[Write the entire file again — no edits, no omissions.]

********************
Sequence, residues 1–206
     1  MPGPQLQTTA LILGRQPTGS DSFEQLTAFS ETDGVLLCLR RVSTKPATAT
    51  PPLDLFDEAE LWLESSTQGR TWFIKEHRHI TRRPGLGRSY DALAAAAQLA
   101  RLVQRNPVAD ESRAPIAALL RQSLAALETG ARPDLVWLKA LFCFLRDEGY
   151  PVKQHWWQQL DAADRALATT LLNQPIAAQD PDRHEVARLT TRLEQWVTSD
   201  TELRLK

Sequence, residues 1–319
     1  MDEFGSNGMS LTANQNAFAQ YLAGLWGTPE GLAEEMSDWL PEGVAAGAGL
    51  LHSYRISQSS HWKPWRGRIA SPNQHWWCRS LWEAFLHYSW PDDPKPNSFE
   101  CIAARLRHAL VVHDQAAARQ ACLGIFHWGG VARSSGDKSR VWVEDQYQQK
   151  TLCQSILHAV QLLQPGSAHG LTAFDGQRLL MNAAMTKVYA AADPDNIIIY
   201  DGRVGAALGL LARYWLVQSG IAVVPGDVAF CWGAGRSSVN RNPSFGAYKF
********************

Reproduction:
Sequence, residues 1–206
     1  MPGPQLQTTA LILGRQPTGS DSFEQLTAFS ETDGVLLCLR RVSTKPATAT
    51  PPLDLFDEAE LWLESSTQGR TWFIKEHRHI TRRPGLGRSY DALAAAAQLA
   101  RLVQRNPVAD ESRAPIAALL RQSLAALETG ARPDLVWLKA LFCFLRDEGY
   151  PVKQHWWQQL DAADRALATT LLNQPIAAQD PDRHEVARLT TRLEQWVTSD
   201  TELRLK

Sequence, residues 1–319
     1  MDEFGSNGMS LTANQNAFAQ YLAGLWGTPE GLAEEMSDWL PEGVAAGAGL
    51  LHSYRISQSS HWKPWRGRIA SPNQHWWCRS LWEAFLHYSW PDDPKPNSFE
   101  CIAARLRHAL VVHDQAAARQ ACLGIFHWGG VARSSGDKSR VWVEDQYQQK
   151  TLCQSILHAV QLLQPGSAHG LTAFDGQRLL MNAAMTKVYA AADPDNIIIY
   201  DGRVGAALGL LARYWLVQSG IAVVPGDVAF CWGAGRSSVN RNPSFGAYKF